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Who needs resource management and why?

Managing multiple projects with a limited pool of resources can be an exciting ride. No sooner do you have the demand nicely balanced with the skills capacity than a new project arrives, or a change occurs, creating new bottlenecks or periods of under-utilisation. Any organisation facing such issues needs resource management. So this article explains who needs resource management and how improved management practice can make a significant impact.

Who is affected?

Many organisations manage a mix of projects and services. These range from major projects for external clients to having a mix of internal projects and business-as-usual work. And those providing services face similar resource management issues. They are particularly common in the following sectors:

  • Engineering & construction.
  • Internal departments, such as IT and R&D, within financial services, government, pharmaceuticals, telecoms and other sectors.
  • Professional services organizations, including market research and IT service providers.

Why is resource management so important?

Project and services organisations need to find the right mix of staff, with a range of skills and competencies that matches current and likely future changes in demand. If they can achieve this whilst retaining high productivity levels there can be rich financial rewards. A recent member survey by the UK Association of Consulting Engineers found that a 2% increase in billable services improved their operational profits by c 25%!

But there are other important benefits from improved resource management practice, including:

  1.   Satisfy clients by continuously meeting target dates and minimising changes of staff assigned to a project.
  2.   Avoiding over commitment of resource and risking project delay.
  3.   Maintaining staff morale by matching their skills with project requirements, and meeting career development aspirations.

Resource management process steps

Project and services organisations often organise as a matrix. This enables project managers to focus on client delivery and satisfaction whilst Team leaders can strive for high utilisation of their staff. This demands a sophisticated resource management process:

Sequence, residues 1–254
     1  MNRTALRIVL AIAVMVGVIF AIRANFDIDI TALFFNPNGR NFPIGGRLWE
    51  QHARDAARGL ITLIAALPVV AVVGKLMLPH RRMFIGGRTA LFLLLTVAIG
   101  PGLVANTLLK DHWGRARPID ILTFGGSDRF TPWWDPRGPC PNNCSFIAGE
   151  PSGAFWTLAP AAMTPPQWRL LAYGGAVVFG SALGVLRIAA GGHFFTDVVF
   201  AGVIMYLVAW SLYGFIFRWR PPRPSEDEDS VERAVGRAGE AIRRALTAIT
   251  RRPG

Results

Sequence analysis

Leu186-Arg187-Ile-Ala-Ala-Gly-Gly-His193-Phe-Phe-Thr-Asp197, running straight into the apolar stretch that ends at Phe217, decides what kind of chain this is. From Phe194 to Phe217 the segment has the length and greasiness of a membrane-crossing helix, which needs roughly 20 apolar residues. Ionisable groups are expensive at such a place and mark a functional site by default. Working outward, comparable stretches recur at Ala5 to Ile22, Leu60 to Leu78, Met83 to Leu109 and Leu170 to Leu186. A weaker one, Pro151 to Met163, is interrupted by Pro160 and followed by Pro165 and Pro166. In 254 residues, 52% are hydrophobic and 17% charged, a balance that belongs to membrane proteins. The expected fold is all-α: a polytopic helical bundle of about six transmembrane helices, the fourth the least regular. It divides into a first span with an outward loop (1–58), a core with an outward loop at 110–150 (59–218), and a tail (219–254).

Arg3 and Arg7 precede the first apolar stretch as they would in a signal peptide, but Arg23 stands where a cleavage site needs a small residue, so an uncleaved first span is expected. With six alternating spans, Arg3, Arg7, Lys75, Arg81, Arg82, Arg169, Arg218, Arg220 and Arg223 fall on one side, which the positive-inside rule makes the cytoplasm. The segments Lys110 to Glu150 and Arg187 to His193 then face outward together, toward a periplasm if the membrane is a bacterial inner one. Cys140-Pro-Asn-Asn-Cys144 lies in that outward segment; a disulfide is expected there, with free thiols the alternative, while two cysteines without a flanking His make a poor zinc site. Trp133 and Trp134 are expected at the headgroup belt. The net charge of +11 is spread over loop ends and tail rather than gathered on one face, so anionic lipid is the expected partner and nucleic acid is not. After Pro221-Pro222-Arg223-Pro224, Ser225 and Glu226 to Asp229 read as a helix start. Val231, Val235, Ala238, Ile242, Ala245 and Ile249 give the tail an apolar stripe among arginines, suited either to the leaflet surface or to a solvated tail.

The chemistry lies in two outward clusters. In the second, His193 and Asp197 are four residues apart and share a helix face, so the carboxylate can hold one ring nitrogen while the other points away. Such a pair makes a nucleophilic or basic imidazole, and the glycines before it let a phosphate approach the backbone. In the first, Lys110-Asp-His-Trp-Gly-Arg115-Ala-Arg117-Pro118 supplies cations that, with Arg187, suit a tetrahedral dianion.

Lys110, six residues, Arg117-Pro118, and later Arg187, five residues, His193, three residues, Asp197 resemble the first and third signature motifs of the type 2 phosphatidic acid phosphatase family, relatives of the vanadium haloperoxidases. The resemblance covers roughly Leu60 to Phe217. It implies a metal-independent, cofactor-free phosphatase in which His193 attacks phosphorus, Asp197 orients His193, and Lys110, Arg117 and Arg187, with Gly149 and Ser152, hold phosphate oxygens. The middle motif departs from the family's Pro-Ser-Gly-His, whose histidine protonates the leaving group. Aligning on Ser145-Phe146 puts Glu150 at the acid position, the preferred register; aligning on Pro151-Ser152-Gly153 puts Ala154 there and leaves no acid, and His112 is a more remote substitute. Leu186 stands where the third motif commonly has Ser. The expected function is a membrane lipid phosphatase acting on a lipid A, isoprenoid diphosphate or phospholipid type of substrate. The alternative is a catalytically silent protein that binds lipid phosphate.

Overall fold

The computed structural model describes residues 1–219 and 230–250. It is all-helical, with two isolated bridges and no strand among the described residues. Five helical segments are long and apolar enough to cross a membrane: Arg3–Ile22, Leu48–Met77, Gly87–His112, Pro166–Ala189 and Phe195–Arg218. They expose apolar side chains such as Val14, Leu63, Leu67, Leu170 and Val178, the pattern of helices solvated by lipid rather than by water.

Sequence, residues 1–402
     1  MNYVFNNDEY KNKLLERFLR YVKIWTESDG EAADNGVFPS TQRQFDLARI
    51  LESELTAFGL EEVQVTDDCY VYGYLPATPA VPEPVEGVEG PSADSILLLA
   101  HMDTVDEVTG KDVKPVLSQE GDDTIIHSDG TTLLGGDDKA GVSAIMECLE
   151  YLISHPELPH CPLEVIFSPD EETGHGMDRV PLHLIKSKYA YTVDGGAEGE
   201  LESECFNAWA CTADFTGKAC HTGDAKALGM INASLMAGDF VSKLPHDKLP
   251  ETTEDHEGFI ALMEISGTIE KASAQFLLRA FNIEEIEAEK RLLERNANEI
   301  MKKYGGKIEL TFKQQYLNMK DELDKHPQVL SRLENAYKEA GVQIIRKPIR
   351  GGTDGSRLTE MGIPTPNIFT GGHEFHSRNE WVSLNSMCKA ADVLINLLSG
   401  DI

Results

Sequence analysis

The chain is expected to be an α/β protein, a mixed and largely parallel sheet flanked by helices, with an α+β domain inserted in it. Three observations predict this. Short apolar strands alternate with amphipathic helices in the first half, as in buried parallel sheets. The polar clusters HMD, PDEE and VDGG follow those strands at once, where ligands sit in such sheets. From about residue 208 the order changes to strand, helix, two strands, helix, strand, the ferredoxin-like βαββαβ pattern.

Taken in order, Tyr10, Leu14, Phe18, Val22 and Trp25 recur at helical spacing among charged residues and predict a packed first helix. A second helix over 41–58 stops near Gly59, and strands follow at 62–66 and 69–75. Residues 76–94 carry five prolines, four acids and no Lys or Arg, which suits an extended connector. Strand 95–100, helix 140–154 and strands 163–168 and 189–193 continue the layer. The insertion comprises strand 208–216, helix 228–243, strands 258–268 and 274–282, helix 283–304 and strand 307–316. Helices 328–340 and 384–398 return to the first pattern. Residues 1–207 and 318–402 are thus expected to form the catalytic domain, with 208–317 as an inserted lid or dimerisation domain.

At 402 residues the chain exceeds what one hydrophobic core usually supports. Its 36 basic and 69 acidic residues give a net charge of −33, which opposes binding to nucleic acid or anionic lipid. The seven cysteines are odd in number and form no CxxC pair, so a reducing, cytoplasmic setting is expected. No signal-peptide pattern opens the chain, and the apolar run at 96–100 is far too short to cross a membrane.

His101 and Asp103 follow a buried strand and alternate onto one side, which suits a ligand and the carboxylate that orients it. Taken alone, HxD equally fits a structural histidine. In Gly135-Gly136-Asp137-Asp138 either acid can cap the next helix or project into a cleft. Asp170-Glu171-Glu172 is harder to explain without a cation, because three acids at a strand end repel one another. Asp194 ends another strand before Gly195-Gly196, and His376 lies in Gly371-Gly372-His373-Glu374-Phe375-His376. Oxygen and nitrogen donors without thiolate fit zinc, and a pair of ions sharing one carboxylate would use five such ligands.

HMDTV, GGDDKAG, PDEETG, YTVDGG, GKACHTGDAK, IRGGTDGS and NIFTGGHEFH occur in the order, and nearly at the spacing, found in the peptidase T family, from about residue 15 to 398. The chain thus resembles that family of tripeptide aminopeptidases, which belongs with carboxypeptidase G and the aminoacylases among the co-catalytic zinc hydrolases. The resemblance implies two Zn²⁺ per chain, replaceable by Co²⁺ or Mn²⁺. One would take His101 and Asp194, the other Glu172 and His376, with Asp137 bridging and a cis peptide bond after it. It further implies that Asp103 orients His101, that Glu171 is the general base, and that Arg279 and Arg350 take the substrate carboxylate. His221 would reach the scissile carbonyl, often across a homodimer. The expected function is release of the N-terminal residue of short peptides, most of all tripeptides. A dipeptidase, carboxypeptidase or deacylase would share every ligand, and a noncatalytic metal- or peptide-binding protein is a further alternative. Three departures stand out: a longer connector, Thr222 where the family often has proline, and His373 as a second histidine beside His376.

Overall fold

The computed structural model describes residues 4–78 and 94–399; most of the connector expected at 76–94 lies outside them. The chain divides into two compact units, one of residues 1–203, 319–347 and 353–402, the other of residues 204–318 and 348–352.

1   Project demand management

As new projects arise, their work profiles are layered on top of the committed workload to see if unacceptable resource bottlenecks get introduced. As changes to committed projects occur, forward loading reports show periods of new bottlenecks or unacceptable under use:

Departmental bottlenecks and under use are highlighted (red and green). Drill down within each department to locate the source of each problem.

Where there is scope to move chunks of work, ‘What If..’ analysis can be used to maximise utilisation, whist retaining project delivery commitments.

2   Resource allocation

With the demand in balance with skills capacity, the search for suitable staff can commence. In matrix organisations, the allocation process typically follows the following steps:

  1.   Project managers Request their required skills and competency levels for each resource.
  2.   Team Leaders Propose a suitable resource.
  3.   Project managers compare requested skills and competencies with those of proposed resource before Accepting or Rejecting.

3   Managing project performance

Prudent project managers will measure project performance using the project plan as a yardstick to show cost and schedule variances. These compare actual effort spent (from timesheets) with an assessment of what’s been achieved, the earned value. This approach provides a credible Estimate to Complete for early warning that corrective action may be required.

Any resultant re-planning can trigger a re-run of the project demand management and resource allocation process steps.

Effective resource management tools

To support these process steps within a matrix organisation, sophisticated resource manage tools are needed, if the following benefits are to be achieved:

  1.   Appropriate visibility to everyone – senior managers, project managers and team leaders, individual resources.
  2.   A process of resource assignment and re-assignment that matches the organisations needs.
  3.   Ability to re-plan well when needed in the light of up to date information on performance and progress.
  4.   Ease of use for everyone.
  5.   Oversight that the system is being used well.

 

This article has shown who needs resource management and how it does help.

 

Barry Muir is a Director of Innate Management Systems Ltd. We have been implementing resource management software in a wide variety of professional services organizations for more than 20 years.
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